Hufeisensiedlung is a housing project located in the southern part of Neukölln district, on the U7 U-Bahn line. It gets its name after the shape of its main building, surrounding the central lake.
The complex was built in many stages between 1925 and 1933, supervised by Bruno Taut.
It is one of the best examples of modernist housing estates, springing up in the interwar periods, as the lavish styles on Art Nouveau and Art Deco gave way to more simple and practical forms, championed by architects like Le Corbusier or Walter Gropius.
According to the style’s premises, buildings lack ornamentation, have mostly straight lines, and are designed with practical every day issues of the inhabitants comming to forefront, with esthetic impressions taking a back seat.
The complex itself consists of the “horseshoe” as well as surrounding buildings, including around 200 apartments in all.. Many of them seem not to match each other in style or in colouring. This helps to break the monotonny created by getting rid of all decorations, that were practically necessary in all styles proceeding modernism.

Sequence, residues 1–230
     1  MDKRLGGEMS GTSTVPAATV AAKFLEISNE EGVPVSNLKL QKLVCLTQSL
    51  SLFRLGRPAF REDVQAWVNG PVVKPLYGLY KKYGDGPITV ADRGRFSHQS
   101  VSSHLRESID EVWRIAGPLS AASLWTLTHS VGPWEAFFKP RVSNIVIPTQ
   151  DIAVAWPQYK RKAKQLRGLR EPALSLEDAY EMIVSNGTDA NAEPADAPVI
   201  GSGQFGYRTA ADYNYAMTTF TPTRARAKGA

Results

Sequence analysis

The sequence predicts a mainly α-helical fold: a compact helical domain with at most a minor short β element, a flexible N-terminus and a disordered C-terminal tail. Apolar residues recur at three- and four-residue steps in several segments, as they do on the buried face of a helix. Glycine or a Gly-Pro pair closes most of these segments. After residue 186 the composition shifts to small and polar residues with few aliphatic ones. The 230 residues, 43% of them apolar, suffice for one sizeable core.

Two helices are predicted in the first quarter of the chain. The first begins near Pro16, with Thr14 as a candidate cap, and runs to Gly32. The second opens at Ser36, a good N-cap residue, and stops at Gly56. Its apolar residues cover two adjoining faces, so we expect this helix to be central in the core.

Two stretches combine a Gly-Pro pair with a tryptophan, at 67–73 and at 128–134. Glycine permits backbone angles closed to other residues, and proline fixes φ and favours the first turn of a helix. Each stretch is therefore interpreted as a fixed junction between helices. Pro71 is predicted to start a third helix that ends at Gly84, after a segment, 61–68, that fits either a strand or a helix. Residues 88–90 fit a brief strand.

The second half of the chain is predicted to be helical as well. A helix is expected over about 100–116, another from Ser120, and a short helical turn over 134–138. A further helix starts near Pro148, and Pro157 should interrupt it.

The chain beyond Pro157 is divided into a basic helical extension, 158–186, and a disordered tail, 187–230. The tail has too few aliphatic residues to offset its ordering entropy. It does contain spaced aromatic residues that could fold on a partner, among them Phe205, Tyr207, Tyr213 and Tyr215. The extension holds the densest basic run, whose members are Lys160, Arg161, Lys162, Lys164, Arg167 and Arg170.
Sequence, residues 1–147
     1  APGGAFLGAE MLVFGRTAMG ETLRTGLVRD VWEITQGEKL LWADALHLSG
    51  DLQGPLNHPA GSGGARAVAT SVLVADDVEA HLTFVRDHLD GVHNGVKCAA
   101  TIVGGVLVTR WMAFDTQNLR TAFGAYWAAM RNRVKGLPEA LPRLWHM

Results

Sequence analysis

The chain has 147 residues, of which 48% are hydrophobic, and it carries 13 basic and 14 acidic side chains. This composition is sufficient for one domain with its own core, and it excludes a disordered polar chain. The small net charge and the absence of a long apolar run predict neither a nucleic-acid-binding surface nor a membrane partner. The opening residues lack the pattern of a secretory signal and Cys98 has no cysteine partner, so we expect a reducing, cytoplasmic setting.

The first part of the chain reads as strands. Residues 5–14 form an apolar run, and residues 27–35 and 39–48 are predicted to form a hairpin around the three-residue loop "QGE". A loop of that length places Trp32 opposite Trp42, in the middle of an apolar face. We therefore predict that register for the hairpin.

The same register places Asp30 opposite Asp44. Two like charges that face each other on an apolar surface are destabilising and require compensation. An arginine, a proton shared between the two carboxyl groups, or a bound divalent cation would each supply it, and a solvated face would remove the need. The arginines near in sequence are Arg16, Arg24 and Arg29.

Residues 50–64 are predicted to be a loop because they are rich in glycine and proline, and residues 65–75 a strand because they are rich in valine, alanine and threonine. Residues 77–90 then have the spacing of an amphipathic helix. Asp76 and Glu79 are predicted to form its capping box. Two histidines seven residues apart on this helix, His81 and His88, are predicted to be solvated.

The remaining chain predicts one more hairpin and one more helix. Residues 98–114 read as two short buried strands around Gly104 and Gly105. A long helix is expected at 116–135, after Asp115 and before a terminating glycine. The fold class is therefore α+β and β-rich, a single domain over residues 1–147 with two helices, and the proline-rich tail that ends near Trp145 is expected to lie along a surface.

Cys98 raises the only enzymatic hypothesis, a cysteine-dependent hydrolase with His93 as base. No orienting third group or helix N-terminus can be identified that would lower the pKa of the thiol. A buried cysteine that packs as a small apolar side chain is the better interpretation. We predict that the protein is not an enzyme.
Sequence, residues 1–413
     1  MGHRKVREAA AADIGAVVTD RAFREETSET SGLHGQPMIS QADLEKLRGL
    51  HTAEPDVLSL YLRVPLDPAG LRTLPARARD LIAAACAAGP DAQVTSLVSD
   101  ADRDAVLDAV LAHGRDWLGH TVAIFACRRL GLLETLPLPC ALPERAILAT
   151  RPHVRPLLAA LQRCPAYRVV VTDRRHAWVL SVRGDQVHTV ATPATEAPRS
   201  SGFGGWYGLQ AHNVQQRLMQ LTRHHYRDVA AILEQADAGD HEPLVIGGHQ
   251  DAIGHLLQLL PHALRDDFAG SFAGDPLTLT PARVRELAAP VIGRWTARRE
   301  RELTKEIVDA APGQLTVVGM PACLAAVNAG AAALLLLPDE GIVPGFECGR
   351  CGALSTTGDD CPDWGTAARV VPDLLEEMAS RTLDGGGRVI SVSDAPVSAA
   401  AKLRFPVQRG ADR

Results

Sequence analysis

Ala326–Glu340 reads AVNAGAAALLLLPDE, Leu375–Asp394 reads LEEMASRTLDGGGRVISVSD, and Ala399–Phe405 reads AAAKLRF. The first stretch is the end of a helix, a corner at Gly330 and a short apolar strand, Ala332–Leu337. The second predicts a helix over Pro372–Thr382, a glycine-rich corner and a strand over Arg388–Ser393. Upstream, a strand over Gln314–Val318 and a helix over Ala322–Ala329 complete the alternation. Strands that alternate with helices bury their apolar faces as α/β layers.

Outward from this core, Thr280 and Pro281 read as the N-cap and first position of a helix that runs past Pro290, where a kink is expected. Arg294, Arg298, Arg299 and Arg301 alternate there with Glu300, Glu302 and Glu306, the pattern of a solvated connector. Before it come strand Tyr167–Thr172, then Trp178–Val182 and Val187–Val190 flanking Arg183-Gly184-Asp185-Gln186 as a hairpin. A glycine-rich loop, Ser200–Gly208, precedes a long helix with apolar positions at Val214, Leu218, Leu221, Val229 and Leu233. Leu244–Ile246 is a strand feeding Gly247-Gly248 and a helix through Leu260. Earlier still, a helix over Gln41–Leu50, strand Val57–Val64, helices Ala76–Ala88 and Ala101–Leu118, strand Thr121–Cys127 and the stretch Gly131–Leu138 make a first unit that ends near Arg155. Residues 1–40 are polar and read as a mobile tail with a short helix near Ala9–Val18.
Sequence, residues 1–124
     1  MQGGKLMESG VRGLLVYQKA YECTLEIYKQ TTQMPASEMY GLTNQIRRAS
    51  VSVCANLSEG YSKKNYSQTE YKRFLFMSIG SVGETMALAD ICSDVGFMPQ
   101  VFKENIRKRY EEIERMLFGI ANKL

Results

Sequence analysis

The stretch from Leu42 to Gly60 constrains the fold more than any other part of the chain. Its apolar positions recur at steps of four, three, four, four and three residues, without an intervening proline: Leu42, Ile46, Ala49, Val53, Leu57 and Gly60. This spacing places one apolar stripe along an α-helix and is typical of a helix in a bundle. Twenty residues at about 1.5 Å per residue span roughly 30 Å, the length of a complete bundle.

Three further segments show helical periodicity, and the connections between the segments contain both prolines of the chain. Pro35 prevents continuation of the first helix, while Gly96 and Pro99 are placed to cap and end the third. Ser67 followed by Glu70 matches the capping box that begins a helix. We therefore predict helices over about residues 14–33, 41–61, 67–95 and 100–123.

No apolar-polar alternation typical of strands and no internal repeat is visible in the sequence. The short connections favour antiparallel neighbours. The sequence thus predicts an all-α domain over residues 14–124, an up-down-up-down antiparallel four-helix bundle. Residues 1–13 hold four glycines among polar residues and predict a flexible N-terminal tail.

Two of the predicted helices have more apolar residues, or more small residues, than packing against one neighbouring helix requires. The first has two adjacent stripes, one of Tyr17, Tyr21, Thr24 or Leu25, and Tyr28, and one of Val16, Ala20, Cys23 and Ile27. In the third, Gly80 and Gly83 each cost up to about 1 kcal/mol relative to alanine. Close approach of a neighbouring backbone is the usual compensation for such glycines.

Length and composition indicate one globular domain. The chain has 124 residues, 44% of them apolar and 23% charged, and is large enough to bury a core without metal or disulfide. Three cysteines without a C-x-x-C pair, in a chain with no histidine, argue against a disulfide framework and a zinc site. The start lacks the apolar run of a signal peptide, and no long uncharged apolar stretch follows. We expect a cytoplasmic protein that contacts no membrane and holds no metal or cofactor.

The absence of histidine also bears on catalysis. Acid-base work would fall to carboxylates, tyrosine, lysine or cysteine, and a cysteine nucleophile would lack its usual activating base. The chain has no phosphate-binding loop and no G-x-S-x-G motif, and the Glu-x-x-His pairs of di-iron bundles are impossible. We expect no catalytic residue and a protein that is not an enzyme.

The inner pond and a small park surrounding it are meant to provide space for leisure activities for the inhabitants of Hufeisensiedlung; this feature, combined with proximity of various forms of public transport, created an all round full day experience, from work through free time, to sleeping and eating, all without having to leave the estate.
Since 2008 the object has a UNESCO World Heritage Site status, togerher with five other modernist housing projects in Berlin.